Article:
I just sent out a couple of tweets last night to a few college coaches that I greatly admire and respect, but just wanted to follow up with a blog, as I don’t think 140 characters give these guys proper justice.

Two of the coaches I have met before, while the third, I feel like I have gotten to know what he is about through the wonder that is twitter.

The biggest thing I have thought about all three coaches is quite simply, how lucky their players are.

As kids we think that coaches want to invest every shred to make us better and help us reach our goals, and that they are all motivated to better us and themselves through the pursuit of excellence. That being said, a hard, cold reality of getting older is realizing and seeing first hand that quite simply, a lot of coaches, like a lot of human beings, just go through the motions.

I’ve said it before, and quite simply coaching, teaching, or any profession that you have an opportunity to have a captive audience in front of you to impart wisdom to, is a gift, that you can do three things with. You can a) change people’s lives in an incredibly positive way b) you can have a negative influence and have them walk away worse off than when they came to you or c) you can have no impact at all.

At the end of the day, we all walk away from every interaction we have knowing if we gave our absolute best and made a positive impact. As coaches (and as people) anything less is quite simply a wasted opportunity.

And while I am highlighting these schools and coaches because of their success in wins, and NCAA progression, sometimes an amazing, impactful season isn’t reflected in wins and losses. But like good seeds that are planted, although at first they may be covered in weeds, one of the things I’ve learned, is that whatever is planted will always bloom and shine, even if it takes a while. I’m incredibly happy for these three coaches that this time has come.

At all three schools, I’ve witnessed all the coaches go above and beyond to be successful, and as an outsider looking in, I’m personally inspired.

2 of the coaches, I know through their attendance at my college showcase, the Western Canada Soccer Showcase, as they were a part of a small group of coaches who attended the event in 2008 and have been back many times since. The fact that both coaches travelled all the way up to Vancouver to an unknown showcase, in an already jam packed college showcase schedule, said a lot to me about their desire and willingness to go to far lengths to find players that would help their programs.

As a side-note, one of the coaches at that first 2008 showcase, took the time to change a life in a positive way and connect a talented, unknown Canadian player with an opportunity to play at the 2008 U17 World Cup with the Colombian U17 National Team. As I said, these are people that go above and beyond.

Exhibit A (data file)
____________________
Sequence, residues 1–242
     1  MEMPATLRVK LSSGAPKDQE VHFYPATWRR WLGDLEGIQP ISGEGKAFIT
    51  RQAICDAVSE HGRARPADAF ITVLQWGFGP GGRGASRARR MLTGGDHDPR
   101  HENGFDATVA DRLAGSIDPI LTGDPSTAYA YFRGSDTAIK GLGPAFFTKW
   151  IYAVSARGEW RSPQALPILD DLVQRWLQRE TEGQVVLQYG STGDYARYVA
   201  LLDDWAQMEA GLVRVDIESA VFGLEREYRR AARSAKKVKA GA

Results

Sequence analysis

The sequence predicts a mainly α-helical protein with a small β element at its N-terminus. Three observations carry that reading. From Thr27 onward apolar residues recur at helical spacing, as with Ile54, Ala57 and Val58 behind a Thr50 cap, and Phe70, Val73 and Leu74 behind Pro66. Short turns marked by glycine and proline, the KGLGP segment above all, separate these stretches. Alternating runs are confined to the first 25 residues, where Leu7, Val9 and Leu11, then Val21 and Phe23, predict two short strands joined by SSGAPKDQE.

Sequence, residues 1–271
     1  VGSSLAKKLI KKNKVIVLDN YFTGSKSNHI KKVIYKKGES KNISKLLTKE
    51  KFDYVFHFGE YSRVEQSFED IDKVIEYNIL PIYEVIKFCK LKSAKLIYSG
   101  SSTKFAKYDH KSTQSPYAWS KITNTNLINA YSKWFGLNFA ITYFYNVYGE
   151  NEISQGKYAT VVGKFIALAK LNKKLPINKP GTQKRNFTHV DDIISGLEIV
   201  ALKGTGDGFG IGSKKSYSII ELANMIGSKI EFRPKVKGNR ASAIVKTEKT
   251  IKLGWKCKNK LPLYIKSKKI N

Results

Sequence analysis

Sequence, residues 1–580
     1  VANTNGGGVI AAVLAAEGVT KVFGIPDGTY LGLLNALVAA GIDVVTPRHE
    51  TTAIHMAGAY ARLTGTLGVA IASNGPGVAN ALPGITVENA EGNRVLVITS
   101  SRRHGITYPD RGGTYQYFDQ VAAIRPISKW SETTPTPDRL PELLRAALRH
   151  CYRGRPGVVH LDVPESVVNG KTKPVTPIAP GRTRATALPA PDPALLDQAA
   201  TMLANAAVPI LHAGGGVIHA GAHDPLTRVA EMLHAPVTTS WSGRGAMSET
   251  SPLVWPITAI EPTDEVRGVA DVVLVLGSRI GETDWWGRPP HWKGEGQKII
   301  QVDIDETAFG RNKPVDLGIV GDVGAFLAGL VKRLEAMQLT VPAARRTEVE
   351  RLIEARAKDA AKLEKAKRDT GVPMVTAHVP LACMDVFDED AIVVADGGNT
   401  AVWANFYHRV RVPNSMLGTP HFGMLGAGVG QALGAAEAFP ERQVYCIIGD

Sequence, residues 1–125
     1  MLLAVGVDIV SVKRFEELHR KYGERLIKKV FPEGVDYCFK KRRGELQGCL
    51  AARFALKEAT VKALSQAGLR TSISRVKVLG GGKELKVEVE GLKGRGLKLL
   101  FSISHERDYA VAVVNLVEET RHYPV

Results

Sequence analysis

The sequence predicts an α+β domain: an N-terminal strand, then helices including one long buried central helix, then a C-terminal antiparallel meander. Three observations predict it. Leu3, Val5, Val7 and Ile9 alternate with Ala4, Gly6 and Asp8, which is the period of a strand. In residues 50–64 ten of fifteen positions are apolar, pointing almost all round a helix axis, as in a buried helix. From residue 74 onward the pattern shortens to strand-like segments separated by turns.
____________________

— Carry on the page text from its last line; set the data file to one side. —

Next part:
The third coach, I have followed on twitter for the last year or so, and just by reading his tweets, I can tell how he cares about his players, how he understands how to create a culture of excellence, and how he spends his own time to better himself and his knowledge to help his players and his program.

Furthermore, the two coaches I know personally, I have seen first hand how they have had the courage to let go talented players that were hurting the team culture at the various programs that they have been affiliated with through the years. While this may seem like an obvious move to some, I have seen far too many coaches not have the courage to let go of such players. It’s not easy to take a stand and many coaches are too lazy to be bothered, or too afraid of the short-term ramifications of such a move to realize the longer standing benefits. A culture of excellence requires courage. And success, in the traditional sense of wins and losses, doesn’t come without such a culture.

Most importantly, all three of these coaches seem to understand that the game is about something so much bigger than technique and tactics, and this again goes back to my initial thought of how lucky these players are. To have the opportunity to be inspired by leaders who I am sure it is obvious are investing everything that they have to their development as people and players, and to have a chance to experience what it means to be a part something bigger than themselves, is truly a magical experience that is unique to team sports and something that these players will take with them moving forward. As players, you never forget those people. (Shout out to my personal favourite coaches: here)

So to Danny Sanchez (Colorado), Mario Rincon (Arkansas) and Jon Lipsitz (Kentucky), on behalf of players and coaches everywhere, I tip my hat, congratulate you and thank you for the inspiration. I’m sure we’ll be seeing a lot more of your programs for years to come.

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